Sales managers face many problems, some of which they create for themselves. Others result from senior executives who impose unrealistic demands or from corporate cultures that work against salespeople and their leaders. If a sales manager performs poorly, so will the salespeople on his or her team. Salespeople create problems for their managers and their departments when they concentrate on products and features rather than on their customers’ concerns, and when they fail to push for new business.
Common sales management problems include managing sales staffers, leading direct sales, coping with sales compensation plans, working in an unsupportive corporate culture, and coping with leaders who judge salespeople by how busy they seem to be and not by how much new business they create.
In some organizations, sales managers must manage multiple tasks unrelated to selling while also responding to hundreds of daily emails. Customer relationship management (CRM) – which, ironically, should improve the overall sales function – is often a bothersome distraction. Many companies demand that sales managers spend more time dealing with their CRM systems than helping salespeople generate new sales and revenues.
Some sales managers get promoted into their jobs from positions outside of sales. Those who enter sales with management experience but no sales chops can contribute little practical knowledge about selling. Or a firm may take excellent salespeople with no known leadership abilities and promote them into sales management. Their sales teams suffer as a result.
Sales Managers Who Don’t Manage
When an organization’s revenue falls below par and salespeople fail to meet their quotas, the fault usually resides with sales directors who manage ineffectively. For example, they may fail to coach their people, to differentiate the specific talents that different sales jobs require, or to monitor their sales calls and go over their performance with them later.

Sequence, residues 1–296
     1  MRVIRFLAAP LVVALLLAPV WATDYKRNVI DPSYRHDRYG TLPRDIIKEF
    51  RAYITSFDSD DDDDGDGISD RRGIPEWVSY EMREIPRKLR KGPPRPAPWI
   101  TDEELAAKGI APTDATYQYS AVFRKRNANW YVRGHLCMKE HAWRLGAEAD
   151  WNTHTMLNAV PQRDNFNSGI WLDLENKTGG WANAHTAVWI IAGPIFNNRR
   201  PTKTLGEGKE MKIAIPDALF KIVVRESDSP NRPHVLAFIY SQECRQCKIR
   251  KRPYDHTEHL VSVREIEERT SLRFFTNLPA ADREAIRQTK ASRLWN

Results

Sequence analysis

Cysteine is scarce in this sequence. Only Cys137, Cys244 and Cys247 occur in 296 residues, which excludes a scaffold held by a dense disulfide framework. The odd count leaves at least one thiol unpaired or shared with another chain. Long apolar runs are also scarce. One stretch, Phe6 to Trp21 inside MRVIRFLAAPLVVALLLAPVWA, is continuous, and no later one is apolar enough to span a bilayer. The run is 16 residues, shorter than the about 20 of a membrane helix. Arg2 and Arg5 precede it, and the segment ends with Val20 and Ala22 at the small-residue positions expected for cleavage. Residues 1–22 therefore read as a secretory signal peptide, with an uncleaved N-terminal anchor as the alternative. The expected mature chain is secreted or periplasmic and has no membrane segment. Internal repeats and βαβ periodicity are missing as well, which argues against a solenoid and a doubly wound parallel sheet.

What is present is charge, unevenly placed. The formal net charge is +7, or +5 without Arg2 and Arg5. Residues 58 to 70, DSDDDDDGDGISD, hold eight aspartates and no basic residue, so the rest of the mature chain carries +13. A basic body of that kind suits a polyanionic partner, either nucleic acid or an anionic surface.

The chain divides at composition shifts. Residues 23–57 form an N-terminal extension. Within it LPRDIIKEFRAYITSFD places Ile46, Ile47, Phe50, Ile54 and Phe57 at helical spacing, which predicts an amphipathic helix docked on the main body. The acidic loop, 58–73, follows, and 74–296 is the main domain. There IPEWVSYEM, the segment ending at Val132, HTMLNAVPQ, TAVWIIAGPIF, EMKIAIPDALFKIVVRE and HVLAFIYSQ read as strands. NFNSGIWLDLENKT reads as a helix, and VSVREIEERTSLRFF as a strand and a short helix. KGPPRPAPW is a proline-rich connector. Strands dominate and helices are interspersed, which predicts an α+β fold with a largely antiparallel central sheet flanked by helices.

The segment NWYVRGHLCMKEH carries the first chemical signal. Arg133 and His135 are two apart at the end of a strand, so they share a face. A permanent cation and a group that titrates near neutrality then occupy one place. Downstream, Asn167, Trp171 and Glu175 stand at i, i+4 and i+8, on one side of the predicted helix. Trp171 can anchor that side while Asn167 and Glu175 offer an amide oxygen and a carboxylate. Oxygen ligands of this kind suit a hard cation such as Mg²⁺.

Some sales managers don’t give sufficient attention to achieving their sales objectives. They don’t effectively communicate sales goals or clarify how they will evaluate salespeople’s performance. They don’t institute processes to monitor sellers’ work against set goals. Some sales managers want to be the department’s selling “hero,” so they deflate salespeople’s confidence.
The Plusses and Minuses of Sales Reports
“The sales world works a lot better when sales leaders focus on their primary job: leading the sales team and helping to drive revenue.”
Companies rely on sales reports to track performance. These reports compare sales yeartoyear, measure achievement toward monthly and annual quotas, rank salespeople based on how much they increased their sales over earlier previous periods, tally new accounts and lost accounts, and calculate what percentage of their yearly targets the sales staff hit.
Sales reports are essential, but many companies stopped publishing or distributing them after the 2008 financial crisis. With sales plummeting, corporate leaders took a “paternalistic approach” and decided not to embarrass their salespeople with reports of plummeting sales. They also pragmatically downplayed sales reports for public consumption and reconfigured compensation plans in order to retain their best people during the harsh economic times.
Sales Management Challenges and Solutions
Sales management encompasses more than selling. A sales leader deals with a big todo list that encompasses building a salesoriented corporate culture, conducting strategic planning, setting sales targets and making the team accountable for its results.